Based on an online music store that had it listed (and now taken down!), the MSRP on Official Release Series Discs 5-8 will be about $160. That’s $10 more than the first box, and based on the crazy prices for new Neil Young vinyl, I guess that is about in-line. That makes all four single-LP’s about $40 apiece.

Since I have the first box set (got it as a gift from my wife!) I’m interested in getting this one as well– I’m a fan of all four albums. I have original pressings of these except for Tonight’s the Night.

My Modified Speculation on the future Official Release Series Box Sets

So, what do we know based on this release? Well, for one thing, the boxes are 4 LP and don’t directly coorespond to the Archives Releases (meaning they don’t cover the same time period by box). The releases are primarily Neil Young solo albums. We didn’t get any CSNY or Buffalo Springfield LP reissues as part of this– though this might be because the catalogs for these bands are not completely owned by Neil Young. This draws into question whether the 1976 Stills-Young Band album Long May You Run would be included in a future box.

Neil Young Official Release Series Discs 9-12 would include the following albums:  American Stars n Bars (1977), Comes A Time (1978), Rust Never Sleeps (1979) and Live Rust 2 LP(1979). I like the arrangement of this box because it keeps Rust Never Sleeps and Live Rust together as they are companion releases. If they decide to release the Stills-Young Band album, then it would be part of this box set– then they could push Live Rust to the next box.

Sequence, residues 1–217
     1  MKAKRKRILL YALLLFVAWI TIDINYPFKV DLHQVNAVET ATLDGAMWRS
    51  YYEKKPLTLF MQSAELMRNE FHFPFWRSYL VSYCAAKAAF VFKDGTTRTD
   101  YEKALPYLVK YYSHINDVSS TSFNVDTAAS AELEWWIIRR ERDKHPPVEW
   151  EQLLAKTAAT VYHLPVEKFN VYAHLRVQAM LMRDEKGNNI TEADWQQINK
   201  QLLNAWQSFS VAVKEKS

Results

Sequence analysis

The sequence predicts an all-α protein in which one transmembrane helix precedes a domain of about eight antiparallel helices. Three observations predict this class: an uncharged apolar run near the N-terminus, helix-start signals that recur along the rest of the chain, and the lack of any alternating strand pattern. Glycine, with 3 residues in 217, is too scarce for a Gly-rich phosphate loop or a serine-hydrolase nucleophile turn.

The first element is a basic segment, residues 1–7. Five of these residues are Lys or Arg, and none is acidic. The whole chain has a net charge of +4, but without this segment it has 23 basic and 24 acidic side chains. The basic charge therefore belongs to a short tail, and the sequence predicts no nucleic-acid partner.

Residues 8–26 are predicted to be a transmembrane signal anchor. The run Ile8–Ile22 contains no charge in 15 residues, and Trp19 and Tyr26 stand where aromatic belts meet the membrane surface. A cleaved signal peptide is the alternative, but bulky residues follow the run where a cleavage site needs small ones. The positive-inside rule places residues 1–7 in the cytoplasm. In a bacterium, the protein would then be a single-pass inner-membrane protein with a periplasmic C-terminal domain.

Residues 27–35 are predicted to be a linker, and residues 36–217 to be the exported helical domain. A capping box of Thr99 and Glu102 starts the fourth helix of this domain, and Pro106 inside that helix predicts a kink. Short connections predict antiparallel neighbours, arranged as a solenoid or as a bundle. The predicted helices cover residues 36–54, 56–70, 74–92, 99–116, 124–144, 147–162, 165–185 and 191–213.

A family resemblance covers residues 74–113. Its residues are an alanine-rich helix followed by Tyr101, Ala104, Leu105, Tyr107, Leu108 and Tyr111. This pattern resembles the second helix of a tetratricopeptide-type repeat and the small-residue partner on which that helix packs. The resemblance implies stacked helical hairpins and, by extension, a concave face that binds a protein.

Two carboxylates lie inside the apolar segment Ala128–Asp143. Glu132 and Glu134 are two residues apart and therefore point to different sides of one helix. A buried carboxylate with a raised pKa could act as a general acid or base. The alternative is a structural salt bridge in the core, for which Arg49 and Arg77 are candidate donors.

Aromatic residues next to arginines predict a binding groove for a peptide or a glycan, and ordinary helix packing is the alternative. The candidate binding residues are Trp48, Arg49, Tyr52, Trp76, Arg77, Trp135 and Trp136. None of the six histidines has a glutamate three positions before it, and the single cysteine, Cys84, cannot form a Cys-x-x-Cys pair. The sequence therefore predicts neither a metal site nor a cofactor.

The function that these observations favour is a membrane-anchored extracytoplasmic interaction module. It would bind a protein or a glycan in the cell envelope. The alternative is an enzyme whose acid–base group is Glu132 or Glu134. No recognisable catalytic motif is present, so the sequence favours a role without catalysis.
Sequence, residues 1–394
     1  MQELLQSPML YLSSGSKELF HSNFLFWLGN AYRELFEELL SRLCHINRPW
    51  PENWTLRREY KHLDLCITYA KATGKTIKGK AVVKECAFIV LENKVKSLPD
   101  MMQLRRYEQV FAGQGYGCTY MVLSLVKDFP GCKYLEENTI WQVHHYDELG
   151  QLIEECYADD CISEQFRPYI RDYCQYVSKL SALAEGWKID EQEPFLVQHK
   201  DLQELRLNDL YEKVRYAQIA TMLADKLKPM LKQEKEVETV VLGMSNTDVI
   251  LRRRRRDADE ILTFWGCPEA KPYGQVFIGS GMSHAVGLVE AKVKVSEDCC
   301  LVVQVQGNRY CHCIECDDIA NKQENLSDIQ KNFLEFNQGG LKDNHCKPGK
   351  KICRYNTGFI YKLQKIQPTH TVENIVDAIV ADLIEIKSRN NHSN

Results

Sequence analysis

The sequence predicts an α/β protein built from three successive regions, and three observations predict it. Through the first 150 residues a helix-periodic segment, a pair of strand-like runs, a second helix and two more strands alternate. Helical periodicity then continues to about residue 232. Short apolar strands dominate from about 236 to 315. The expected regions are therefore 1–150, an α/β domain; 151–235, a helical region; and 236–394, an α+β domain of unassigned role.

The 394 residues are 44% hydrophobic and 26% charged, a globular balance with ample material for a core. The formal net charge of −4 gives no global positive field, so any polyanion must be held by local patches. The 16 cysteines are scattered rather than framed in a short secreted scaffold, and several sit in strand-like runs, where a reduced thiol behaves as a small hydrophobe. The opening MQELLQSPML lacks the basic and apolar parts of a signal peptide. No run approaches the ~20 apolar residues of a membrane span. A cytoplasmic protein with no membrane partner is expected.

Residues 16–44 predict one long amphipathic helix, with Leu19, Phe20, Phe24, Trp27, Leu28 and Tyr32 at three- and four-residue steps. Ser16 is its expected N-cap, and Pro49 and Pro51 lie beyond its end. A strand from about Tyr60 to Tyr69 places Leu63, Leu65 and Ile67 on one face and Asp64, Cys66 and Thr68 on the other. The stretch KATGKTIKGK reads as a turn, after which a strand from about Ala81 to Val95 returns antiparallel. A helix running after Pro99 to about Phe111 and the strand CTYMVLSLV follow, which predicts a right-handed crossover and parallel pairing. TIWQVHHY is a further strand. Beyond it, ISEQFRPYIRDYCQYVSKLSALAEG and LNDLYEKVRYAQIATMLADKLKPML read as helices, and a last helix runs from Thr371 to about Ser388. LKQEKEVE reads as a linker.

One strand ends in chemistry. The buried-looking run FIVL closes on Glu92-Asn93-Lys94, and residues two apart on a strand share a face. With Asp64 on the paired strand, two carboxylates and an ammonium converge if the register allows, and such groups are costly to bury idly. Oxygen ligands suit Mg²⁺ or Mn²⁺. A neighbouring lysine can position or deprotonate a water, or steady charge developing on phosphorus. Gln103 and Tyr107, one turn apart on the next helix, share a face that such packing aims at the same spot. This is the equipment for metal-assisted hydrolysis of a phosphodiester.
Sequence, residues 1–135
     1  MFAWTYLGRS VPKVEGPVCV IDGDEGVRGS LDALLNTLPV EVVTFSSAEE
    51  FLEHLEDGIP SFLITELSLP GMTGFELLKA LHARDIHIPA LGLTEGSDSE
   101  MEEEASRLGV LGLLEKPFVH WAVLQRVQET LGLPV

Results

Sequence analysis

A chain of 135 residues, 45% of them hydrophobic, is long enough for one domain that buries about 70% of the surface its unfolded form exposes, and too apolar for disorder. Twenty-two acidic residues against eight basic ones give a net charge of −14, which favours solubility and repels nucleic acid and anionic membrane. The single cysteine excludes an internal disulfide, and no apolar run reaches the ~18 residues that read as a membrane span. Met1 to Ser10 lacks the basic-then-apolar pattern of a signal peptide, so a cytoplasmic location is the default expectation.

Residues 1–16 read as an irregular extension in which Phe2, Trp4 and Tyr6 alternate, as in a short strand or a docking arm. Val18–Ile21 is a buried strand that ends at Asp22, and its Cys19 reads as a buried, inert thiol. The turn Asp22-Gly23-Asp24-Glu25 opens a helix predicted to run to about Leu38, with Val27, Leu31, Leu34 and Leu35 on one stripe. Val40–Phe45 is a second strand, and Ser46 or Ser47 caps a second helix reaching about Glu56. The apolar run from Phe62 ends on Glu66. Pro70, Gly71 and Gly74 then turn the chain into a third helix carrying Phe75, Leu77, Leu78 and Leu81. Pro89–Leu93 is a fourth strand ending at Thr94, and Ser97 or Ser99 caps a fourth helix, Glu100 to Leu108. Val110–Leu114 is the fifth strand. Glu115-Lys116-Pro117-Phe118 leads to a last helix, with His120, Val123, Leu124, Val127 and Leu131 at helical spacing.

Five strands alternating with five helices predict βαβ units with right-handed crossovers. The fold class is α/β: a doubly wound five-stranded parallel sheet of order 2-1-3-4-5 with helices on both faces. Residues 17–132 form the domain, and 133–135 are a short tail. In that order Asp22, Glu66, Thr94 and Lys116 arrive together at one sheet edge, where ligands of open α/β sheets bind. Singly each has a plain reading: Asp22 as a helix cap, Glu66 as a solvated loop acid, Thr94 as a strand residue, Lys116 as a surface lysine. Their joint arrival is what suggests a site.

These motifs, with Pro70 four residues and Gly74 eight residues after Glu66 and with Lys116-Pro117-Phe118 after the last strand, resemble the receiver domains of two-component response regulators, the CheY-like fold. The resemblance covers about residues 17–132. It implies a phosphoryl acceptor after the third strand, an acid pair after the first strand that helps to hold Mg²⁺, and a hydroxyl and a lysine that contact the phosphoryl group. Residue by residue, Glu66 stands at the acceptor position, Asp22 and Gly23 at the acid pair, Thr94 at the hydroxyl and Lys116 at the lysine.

Neil Young Official Release Series Discs 13-16 could include the following albums:  Hawks & Doves (1980), Re-ac-tor (1981), Trans (1982) and Everybody’s Rockin’ (1983) bringing the first of the Geffen releases to bear. An alternative version of this might be to put Live Rust on here in the scenario where they included Long May You Run in the third box. Since Live Rust is 2 LP’s, then they could truncate this box at Re-Ac-Tor, ending the box with the last three Reprise releases. An argument for this box including up to Everybody’s Rockin’ is that 1983 ends the 2nd decade that could be included in the second Archives box set.